It is a common experience to “space out,” and no doubt everyone does this occasionally. We space out, zone out, tune out. These unclear, confused, foggy, or somewhat disconnected states can be seen as one end of the dissociation spectrum, and may only mildly interfere with our sense of ourselves, and of the world. When this experience becomes more extreme and leads a person into psychological or physical danger, psychotherapy is indicated. Dissociation can be seen as a disconnection from oneself, or a discontinuity of the experience of self, and it falls on a continuum from mild to severe. It often develops as a method for dealing with psychological or physical pain, and it may function as an escape from things that might otherwise be uncomfortable, overwhelming, unbearable, or that may even feel annihilating.
People who have suffered serious trauma at any time in their lives frequently dissociate. As one moves farther away from feeling like a whole person, grounded in the present moment, the experience of dissociation becomes more extreme. At this end of the spectrum, one’s actual perception of the world becomes more distant and more unreal. Things may look far away. It may seem like looking though the wrong end of a telescope, like watching the world on television or through a plate of glass. People in a dissociated state may feel like they are floating above themselves, seeing their body as an inanimate object, or as another person. They may look in a mirror and not recognize who they are looking at; they may have no experience of pain. The whole world may look foreign or unrecognizable, or it may seem to be disappearing. In the extreme, people describe everything as going white or totally blank. For some who dissociate, blackouts can be common. This type of experience can range from being unclear about what’s been going on for a period of time, to having no idea whatsoever (“losing time”). People may find themselves somewhere and have no idea how they got there, or talk to someone and realize that they have no idea what they have been saying.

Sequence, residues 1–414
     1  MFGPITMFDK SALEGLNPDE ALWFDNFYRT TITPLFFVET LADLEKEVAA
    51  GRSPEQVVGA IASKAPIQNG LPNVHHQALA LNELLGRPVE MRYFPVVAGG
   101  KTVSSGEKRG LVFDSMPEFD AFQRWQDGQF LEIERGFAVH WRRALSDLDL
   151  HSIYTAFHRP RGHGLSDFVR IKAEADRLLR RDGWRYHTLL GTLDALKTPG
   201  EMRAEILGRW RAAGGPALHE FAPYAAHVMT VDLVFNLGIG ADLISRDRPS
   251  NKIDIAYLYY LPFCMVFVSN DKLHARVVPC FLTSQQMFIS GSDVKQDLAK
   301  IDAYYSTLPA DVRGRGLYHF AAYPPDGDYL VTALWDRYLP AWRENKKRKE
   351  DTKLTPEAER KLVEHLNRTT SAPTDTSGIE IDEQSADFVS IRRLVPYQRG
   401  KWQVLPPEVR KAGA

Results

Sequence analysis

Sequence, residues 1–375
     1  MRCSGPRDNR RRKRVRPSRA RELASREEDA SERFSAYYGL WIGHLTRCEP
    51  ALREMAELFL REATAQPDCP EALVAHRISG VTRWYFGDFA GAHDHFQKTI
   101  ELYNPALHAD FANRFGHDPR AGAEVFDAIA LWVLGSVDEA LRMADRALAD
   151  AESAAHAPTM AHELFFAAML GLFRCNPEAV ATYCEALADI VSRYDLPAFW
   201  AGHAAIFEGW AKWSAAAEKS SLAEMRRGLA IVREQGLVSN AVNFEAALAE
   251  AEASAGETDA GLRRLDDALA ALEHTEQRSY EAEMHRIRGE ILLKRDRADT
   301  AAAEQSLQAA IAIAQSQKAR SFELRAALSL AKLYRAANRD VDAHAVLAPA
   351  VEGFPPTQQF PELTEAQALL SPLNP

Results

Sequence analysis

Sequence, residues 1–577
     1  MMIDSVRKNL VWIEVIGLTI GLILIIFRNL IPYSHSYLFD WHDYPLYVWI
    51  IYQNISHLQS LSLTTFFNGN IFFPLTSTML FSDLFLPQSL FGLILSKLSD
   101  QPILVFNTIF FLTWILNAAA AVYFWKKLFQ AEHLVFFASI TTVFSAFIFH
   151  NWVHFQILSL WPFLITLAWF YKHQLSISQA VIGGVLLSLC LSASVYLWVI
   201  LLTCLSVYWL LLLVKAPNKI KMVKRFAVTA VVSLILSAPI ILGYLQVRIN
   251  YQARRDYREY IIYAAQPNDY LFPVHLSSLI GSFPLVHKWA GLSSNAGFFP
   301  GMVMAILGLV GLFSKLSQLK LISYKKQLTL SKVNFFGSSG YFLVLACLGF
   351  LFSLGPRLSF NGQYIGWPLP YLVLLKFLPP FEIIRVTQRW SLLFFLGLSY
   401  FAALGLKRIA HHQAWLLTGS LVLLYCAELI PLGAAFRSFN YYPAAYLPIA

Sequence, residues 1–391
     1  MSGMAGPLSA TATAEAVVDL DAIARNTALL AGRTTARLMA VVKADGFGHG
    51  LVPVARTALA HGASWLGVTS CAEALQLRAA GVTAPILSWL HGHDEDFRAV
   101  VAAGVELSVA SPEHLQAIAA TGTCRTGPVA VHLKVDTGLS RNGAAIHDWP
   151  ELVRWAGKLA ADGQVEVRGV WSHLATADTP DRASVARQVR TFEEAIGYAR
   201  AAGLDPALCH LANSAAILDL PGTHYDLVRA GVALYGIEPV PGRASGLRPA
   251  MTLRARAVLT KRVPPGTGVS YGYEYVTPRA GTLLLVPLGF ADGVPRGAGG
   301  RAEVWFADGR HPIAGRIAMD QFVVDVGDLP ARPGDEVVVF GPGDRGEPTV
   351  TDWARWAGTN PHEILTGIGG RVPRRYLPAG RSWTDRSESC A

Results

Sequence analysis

Dissociation is not just related to experience in the external world, it is also fundamentally a disconnection from oneself. In the extreme, dissociated individuals may function and experience themselves as two or more selves with unique memory sets, distinctively different body states, and even with different names for each. Because there may not be communication between these self states, people can come to doubt their own sense of reality and question their sanity. They may not be sure whether something they remember really happened, or if they just dreamed it.
Dissociation is frequently associated with post-traumatic stress disorder (PTSD). PTSD can result from surviving overwhelming and disorienting events such as war, sexual or physical abuse, or other forms of extreme victimization. People with PTSD experience flashbacks in which they experience an event from the past so vividly that they feel they are literally reliving that event. The terror and physical distress that was part of the original experience exist in the present moment, and the individual loses connection with his or her place in time. Not only is this profoundly disorienting, it can be dangerous if the individual responds to what seems to be happening. Dissociation born of trauma can represent the mind’s essential and impressive creativity: it serves to protect the traumatized individual from an experience that is too terrible to bear or experience. The individual “leaves,” and the experience is broken away from consciousness. These fragmented experiences may haunt the traumatized person, surfacing as strange half-remembered details, or nightmares, or inexplicable body states.
It is an important task of psychotherapy to help the traumatized individual integrate these disconnected aspects of self. Of course this is not an intellectual exercise; it may be easy to know the temporal facts from a purely rational perspective. It is the emotions that become confused in time and it is the emotions that need to be worked through and resolved. Quite understandably, addressing what once felt unbearable can be painful and daunting, and the work must not push too hard or the person is at risk of simply being retraumatized or finding themselves stuck, once again, in an overwhelming and intolerable place.